Fallout: New Vegas: Dead Money (360): COMPLETED!

Fallout: New Vegas: Dead Money (360): COMPLETED!

Now you see, I wasn’t going to buy the first lot of DLC for New Vegas for two reasons. One, I thought I’d give another game a chance, and two, if Oblivion and Fallout 3 are anything to go by then it’ll come down in price in a few months. Of course, since when has saying I’m not going to buy something ever meant anything? Of course I bought it the day it was available.

And today I completed it.

First, a comparison with the DLC for Fallout 3. Like Fallout 3 expansions “Into The Pitt”, “Operation Anchorage” and “Mothership Zeta”, Dead Money is essentially stand-alone – as in, once you started them you were taken out of the main game until you completed it, and all your items were confiscated for the duration. Also, each of those expansions were around 4-5 hours long, but somehow (I may have been slow) Dead Money took a good 10 hours for me to finish.

Somehow, Dead Money manages to very much change the way Fallout works. You still have VATS and weapons that degrade and stuff, but several game mechanics are essentially removed. All your caps? Gone. It’s scrounged Sierra Madre (the casino in the story) chips that you buy things from vending machines with. Hoarding everything to sell? Pretty much pointless, although some previously useless items (and some new ones) can be crafted into new items and weapons. An even bigger change is with the main enemies – the Ghost People. When they die, they ain’t dead, and reanimate in a short time to hound you again. Unless you hack them to bits when they’re down, or manage to decapitate them in combat, of course.

There are environmental complications too. The whole of the area is bathed in a strange red mist, which has two major effects: firstly, you can’t sleep anywhere even vaguely exposed to the cloud (meaning healing up is either a long trip to a safe zone, or done with the scarce rations and stimpaks), and secondly there are dense pockets of the fog around Sierra Madre that you can enter, but they’ll poison you on contact, draining your health. And no protective suits, rebreathers and goggles – ze do nothing!

Then there’s the bomb collar you wear. To ensure compliance with the guy running the show in Sierra Madre, you and your companions wear Running Man style exploding neckwear. Kill your “friends”, and it explodes. Don’t do as you’re told? It explodes. And, worst of all, stand near a still active pre-war radio or PA system for too long? Bang! As a result of the latter of these, some of the game becomes an almost Doctor Who level of running down corridors, looking for the source of the radio signal or noise, and then either destroy it or turn it off before you and your head part company. Frantic!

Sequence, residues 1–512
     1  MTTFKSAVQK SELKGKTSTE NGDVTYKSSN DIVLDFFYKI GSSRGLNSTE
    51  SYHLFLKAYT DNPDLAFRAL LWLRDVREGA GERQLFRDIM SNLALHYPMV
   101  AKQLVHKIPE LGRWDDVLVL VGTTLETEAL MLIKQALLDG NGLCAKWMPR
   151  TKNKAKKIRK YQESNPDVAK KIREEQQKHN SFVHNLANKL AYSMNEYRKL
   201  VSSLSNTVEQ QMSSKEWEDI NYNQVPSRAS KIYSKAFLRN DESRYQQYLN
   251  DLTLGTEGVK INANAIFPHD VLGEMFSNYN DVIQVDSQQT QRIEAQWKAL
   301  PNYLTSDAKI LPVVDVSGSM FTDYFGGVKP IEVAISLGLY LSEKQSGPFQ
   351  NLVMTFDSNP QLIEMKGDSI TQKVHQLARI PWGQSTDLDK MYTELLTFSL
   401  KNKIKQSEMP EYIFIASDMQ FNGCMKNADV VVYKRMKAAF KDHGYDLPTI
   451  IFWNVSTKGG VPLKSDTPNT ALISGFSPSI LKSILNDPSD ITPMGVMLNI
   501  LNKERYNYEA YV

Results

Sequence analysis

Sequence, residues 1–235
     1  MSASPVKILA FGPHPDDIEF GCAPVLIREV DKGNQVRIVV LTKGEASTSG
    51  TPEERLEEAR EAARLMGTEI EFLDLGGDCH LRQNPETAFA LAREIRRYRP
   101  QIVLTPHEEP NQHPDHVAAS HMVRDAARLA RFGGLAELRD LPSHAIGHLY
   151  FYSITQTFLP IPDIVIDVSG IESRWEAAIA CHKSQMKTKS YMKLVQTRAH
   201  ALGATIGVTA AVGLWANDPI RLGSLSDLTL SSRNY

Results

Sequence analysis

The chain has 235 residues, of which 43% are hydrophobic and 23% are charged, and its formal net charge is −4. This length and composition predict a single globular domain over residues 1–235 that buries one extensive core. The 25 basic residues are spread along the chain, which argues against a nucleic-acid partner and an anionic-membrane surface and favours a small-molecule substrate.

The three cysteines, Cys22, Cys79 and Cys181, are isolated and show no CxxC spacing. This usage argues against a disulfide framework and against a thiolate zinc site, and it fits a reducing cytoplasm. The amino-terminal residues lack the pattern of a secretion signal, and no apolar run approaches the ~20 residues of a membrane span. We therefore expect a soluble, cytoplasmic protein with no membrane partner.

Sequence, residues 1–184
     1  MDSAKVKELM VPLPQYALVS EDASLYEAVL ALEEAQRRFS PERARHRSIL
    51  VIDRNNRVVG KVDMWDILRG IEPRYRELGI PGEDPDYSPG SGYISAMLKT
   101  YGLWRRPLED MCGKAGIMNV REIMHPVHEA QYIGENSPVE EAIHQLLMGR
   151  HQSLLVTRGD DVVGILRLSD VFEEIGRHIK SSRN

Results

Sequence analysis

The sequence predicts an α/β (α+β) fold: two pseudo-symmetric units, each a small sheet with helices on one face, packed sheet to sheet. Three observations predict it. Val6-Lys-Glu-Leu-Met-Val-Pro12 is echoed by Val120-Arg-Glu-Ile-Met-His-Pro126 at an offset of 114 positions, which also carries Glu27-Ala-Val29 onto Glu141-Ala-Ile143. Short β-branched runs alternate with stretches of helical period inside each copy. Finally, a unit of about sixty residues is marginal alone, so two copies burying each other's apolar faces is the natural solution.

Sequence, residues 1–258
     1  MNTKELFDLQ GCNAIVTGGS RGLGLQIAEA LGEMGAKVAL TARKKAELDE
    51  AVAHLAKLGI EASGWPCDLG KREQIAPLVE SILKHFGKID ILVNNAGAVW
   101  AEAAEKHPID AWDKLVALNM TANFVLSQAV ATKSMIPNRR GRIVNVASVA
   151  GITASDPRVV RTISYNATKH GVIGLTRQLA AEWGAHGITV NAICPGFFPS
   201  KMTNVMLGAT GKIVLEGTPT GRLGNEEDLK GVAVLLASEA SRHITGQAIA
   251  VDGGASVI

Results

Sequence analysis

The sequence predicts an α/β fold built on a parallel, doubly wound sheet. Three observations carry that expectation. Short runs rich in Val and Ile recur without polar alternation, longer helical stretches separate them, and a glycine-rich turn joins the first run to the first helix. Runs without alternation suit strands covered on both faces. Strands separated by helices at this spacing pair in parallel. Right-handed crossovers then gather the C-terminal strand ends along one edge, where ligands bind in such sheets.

But then, another new game mechanic does the opposite to you! The casino and environs are protected in part by an old hologram security system. Hologram guards patrol areas, and if they see you, you’re toast – they can’t be killed. You can, sometimes, use terminals to turn them off (or on – which may be useful) or destroy their signal emitter (if you can find it – many are very well hidden). These parts of the game become stealth sneak-em-ups, which it has to be said, aren’t my favourite sort of thing.

At some points in the game, the chaos of running blind and the order of hide and seek collide, and that’s when things get tricky. The final area of the episode in particular was privy to some choice language, as my previous 100+ hours on New Vegas without a single death gave way to hundreds in a short section.

I’ve purposefully avoided mentioning the plot to prevent spoilers, but the basic premise is that you and three others have been lured to the mysterious Sierra Madre casino by a man who appears in dialogue in the main New Vegas game. He orders you to work together to pull off a grand heist of the riches of the casino. Naturally, he’s not telling the whole truth, and you can be sure of backstabbiness (either by or on you) along the way.

Overall, aside from the nasty final Hour of Countless Deaths, I really enjoyed Dead Money. It didn’t really play like New Vegas proper, but that isn’t a complaint. I’m always one for story, and the backstories of your co-workers, the man in charge, and the history of the casino and why it was built were interesting and enjoyable. I was pleased when I figured out who the Ghost People are, and it’s also interesting how some of the conversations, and the ending in particular, revealed what the next DLC is going to be. And possibly the DLC after that! Exciting!

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